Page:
• There were some older guys who came yesterday to camp who also came today and were really engaged in the games and throughout the time at camp.
• We had at least 30 campers join us today! Such an answer to prayer!
• There is one boy who is very close to accepting Jesus as His Savior. Continue to pray for Him and the rest of the campers that their hearts will be softened to the gospel.
• One of our volunteers talked with a girl age 5 or 6 about what she thought heaven was like, which led to a conversation about the Garden of Eden. It was encouraging to hear how she eagerly engaged with these biblical stories at such a young age.
• One 13-year-old boy who only speaks Spanish and was apprehensive about joining camp on Monday. One of his friends was telling him about camp and how much fun it was, but this boy told him, “Why would I go to a camp if I can’t understand it?” One of our volunteers speaks both Spanish and English and has been able to reach out to this boy. Now he is enjoying himself and participating in the games and activities. This boy has been in the United States for only a month, so it is exciting that we get to play a part and make a difference in his first few days here.
God has been doing wonderful things this week. Continue to pray that they will continue! Tomorrow we are talking about how we get ready to go to heaven. We are also having our traditional cookout at our sites. This is not only a time for our youth and the kids to have fun, but also a time to reach out to the families in the community. Thanks for your prayers!
JOY CAMP - TUESDAY, JULY 22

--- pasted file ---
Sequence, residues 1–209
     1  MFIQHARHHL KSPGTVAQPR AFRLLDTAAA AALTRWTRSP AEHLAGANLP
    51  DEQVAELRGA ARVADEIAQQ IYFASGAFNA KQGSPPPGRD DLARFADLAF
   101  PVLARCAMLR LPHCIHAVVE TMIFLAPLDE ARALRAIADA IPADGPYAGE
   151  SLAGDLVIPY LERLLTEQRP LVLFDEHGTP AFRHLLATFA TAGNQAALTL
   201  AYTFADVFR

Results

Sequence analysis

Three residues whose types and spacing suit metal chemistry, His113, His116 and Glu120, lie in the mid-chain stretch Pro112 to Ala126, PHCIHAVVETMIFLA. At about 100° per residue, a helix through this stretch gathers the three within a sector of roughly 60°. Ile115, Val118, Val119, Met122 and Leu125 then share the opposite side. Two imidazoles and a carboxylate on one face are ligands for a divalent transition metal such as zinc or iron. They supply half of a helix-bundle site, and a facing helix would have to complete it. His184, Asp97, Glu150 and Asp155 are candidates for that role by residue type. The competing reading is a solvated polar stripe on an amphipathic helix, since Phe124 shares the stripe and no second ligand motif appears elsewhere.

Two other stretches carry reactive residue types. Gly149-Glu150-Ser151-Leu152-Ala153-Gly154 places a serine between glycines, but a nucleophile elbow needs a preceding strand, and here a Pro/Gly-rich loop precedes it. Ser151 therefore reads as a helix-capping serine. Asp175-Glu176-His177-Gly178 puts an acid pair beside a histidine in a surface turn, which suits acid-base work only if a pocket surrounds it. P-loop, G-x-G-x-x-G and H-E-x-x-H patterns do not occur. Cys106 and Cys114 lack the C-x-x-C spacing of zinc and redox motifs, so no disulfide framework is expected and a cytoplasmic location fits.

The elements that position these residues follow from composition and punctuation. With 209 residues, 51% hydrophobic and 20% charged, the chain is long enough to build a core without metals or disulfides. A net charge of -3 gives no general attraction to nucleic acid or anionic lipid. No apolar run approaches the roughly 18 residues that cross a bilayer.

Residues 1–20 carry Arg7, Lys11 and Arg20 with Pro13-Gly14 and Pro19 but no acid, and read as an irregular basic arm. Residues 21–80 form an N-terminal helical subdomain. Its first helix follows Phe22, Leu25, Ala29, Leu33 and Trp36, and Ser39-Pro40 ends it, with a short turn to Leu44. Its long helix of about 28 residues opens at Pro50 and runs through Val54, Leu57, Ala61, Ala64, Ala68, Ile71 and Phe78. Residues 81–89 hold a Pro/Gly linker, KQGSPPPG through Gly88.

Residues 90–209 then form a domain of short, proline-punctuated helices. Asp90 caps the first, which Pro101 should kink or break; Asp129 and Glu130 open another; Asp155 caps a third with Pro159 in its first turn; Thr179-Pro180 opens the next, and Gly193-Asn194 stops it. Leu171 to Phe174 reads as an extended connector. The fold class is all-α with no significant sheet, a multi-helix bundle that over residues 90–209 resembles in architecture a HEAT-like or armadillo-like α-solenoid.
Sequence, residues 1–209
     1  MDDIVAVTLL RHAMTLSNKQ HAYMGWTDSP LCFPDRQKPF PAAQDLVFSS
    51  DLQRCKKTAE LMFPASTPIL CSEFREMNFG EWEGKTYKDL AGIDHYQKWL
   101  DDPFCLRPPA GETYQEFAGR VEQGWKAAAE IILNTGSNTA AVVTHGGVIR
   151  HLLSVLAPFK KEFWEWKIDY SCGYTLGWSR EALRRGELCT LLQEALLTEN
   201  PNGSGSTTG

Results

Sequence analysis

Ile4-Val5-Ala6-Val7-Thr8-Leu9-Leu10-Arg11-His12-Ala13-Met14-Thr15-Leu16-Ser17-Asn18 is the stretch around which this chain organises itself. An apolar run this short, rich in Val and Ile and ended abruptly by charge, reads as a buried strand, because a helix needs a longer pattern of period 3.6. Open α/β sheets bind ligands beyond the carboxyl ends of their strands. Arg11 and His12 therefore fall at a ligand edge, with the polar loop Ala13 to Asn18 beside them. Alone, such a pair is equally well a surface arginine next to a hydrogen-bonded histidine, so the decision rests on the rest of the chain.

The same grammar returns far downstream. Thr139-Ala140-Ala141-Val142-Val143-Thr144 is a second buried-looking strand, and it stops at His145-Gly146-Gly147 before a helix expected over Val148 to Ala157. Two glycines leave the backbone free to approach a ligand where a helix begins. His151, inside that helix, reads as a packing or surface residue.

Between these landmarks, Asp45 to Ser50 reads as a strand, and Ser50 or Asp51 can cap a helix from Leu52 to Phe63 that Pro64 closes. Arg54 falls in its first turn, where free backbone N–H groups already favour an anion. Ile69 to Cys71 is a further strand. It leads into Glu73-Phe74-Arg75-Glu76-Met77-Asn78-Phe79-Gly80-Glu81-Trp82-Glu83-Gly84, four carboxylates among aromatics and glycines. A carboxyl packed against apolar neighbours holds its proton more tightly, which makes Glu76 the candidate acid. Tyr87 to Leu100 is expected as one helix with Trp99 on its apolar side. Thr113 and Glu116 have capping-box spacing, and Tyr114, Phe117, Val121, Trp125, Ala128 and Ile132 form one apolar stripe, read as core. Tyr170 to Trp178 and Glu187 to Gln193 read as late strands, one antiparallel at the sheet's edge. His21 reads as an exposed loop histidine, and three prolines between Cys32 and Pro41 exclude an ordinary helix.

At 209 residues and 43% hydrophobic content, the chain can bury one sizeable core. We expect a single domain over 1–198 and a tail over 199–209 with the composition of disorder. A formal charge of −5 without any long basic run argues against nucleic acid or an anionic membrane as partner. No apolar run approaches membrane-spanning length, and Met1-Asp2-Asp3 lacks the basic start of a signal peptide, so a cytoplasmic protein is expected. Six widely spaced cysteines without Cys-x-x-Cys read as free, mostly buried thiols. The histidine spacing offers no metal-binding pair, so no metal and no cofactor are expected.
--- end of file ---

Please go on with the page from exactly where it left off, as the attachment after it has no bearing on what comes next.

After breakfast this morning, our volunteers started off the day worshiping God and spending time in His Word. By 10 a.m. our teams were at their sites serving in their neighborhoods.
Today, we talked about who gets to go to heaven. We used John 14 to find out that Jesus is going to prepare a place for those who believe in God. How do we know the way to get to heaven? Jesus has said that only He is the way, and the truth, and the life. No one comes to the Father except through Him (vs 6). Overall, in all of the sites, the kids are understanding more and asking many deep questions. They are not just repeating back the “right answers” but actually know the answers and want to know more.
Here are a few highlights from the different sites:
• It has been encouraging to see how the skits are helping to apply the lesson. Kids are really engaged in the skits and can tell you the main point of the skits.
• The older guys who were distant yesterday, were more engaged, understood more of the lesson, and wanted to know more about Jesus. This is such an answer to prayer!
• There was a girl camper who had surgery today, and some of our volunteers went to go check on her. She was sitting on the porch waiting for her parents to get back from the store. When her parents got home she begged them to let her go to camp. Even though her leg was in a cast and she had just had surgery she was excited to be at Joy Camp.